Here's some (off-the-record) strategy from Byron York at the DC Examiner:
"You're seeing a major doctrinal shift in how Republicans are going to focus all these debates," the strategist told me. "The key is to focus on winning the issue as opposed to winning the political moment. If you win the issue, people will think you are ready to govern."Whether this "change" in strategy makes it through the next news cycle will have to be examined, although York noted that House Minority Whip Eric Cantor (R-VA) apparently changed the subject rather than continue to talk about the stimulus package.
I asked him to elaborate a little. "With the political moment, it's how can you find the one thing that gives you the momentary upper hand in terms of the coverage for the next six hours -- as opposed to engaging the electorate in creating a structural change in their opinion on which party is better able to handle an issue."
Worth remembering -- despite all the hot air about how effective the New Deal was or wasn't in combatting the Great Depression, there's one area where it was brutally effective: voting Republicans out of office.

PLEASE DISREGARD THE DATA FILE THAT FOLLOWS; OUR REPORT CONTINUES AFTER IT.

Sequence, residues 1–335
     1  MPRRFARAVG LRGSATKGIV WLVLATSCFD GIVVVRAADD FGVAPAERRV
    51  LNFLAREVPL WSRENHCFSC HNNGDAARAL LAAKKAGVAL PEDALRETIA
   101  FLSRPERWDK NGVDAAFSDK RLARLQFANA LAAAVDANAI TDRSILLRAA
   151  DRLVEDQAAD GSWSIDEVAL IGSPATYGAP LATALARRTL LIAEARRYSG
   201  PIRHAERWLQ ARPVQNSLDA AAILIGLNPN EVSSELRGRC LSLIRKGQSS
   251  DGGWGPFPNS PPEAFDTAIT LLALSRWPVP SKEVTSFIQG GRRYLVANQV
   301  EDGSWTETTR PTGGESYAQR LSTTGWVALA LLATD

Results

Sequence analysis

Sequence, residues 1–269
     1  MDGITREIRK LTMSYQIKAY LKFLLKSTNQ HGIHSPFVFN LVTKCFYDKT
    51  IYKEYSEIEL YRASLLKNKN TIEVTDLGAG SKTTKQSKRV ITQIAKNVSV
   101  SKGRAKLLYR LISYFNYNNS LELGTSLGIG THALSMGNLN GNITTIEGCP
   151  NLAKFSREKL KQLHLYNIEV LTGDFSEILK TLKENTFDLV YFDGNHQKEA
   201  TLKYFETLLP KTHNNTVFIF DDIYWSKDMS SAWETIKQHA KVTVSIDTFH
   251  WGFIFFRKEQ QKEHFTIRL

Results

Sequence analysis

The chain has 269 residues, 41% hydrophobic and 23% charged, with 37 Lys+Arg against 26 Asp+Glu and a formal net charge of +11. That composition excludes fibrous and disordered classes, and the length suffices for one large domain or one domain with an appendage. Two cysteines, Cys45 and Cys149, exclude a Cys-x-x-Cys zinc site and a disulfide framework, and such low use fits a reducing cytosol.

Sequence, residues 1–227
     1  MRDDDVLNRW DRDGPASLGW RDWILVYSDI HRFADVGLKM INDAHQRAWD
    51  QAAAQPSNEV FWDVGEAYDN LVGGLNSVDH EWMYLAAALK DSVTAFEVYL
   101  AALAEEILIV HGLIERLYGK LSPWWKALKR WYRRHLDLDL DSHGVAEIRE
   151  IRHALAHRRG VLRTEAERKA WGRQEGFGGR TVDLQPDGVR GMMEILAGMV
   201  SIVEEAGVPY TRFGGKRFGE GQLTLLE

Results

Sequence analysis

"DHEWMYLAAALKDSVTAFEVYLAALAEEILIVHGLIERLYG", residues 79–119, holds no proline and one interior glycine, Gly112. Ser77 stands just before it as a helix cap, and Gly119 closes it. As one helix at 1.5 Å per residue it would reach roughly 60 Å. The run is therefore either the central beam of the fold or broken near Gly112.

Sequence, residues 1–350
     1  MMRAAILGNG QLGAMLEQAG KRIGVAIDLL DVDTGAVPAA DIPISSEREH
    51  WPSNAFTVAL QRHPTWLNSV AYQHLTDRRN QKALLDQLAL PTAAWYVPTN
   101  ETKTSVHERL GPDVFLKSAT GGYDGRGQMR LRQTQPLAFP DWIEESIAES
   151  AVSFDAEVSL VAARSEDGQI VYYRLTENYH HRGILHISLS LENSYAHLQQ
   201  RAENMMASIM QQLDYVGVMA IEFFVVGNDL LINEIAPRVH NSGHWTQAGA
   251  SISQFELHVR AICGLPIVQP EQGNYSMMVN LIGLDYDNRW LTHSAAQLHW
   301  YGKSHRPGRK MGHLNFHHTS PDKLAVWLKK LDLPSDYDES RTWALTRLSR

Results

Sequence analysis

In the 70th Congress (elected in 1928), the GOP had 56 Senate seats, against 39 for the Democrats (1 Farmer-Labor).
In the 71st Congress (elected in 1930), the 96 Senate seats were split 48 GOP, 47 Dem (with 1 Farmer-Labor).
In the 1932 election, 12 Republicans lost their seats, making the split 59 Dem, 36 GOP, 1 Fam-Lab.
By 1937, (i.e., just after the FDR re-election), the number of GOP had been reduced to 16.
Said another way, almost three-quarters of Republican Senators serving when Herbert Hoover became President were unseated within eight years.